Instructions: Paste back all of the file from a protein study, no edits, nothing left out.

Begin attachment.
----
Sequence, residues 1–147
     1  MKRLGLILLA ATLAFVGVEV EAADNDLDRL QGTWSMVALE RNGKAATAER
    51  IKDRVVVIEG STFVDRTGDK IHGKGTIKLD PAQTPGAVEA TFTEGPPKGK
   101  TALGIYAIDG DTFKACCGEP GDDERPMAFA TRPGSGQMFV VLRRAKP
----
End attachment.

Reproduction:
Sequence, residues 1–147
     1  MKRLGLILLA ATLAFVGVEV EAADNDLDRL QGTWSMVALE RNGKAATAER
    51  IKDRVVVIEG STFVDRTGDK IHGKGTIKLD PAQTPGAVEA TFTEGPPKGK
   101  TALGIYAIDG DTFKACCGEP GDDERPMAFA TRPGSGQMFV VLRRAKP